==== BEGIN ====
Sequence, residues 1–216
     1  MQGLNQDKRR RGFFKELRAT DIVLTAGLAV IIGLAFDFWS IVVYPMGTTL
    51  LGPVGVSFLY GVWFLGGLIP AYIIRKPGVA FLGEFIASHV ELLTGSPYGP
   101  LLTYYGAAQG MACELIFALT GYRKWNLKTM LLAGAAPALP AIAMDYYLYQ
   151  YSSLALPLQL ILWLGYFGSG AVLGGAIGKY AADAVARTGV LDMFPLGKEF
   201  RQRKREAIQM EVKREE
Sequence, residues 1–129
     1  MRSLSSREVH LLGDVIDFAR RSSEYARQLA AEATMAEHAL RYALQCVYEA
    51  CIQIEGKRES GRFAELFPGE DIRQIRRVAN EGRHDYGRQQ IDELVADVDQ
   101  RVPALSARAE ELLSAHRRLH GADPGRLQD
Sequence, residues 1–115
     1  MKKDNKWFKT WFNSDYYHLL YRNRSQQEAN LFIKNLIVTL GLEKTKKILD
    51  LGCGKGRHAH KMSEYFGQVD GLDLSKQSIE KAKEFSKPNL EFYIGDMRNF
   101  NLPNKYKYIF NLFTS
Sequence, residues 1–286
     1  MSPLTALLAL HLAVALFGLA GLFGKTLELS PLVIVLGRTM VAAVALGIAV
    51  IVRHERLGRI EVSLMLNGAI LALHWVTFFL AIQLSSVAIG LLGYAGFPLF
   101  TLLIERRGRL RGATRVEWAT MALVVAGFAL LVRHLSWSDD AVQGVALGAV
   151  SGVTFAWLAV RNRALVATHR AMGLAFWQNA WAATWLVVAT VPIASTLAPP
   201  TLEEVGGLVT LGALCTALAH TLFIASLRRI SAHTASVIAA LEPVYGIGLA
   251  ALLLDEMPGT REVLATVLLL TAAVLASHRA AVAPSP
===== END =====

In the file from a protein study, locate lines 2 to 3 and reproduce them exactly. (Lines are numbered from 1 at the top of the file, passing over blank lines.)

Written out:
     1  MQGLNQDKRR RGFFKELRAT DIVLTAGLAV IIGLAFDFWS IVVYPMGTTL
    51  LGPVGVSFLY GVWFLGGLIP AYIIRKPGVA FLGEFIASHV ELLTGSPYGP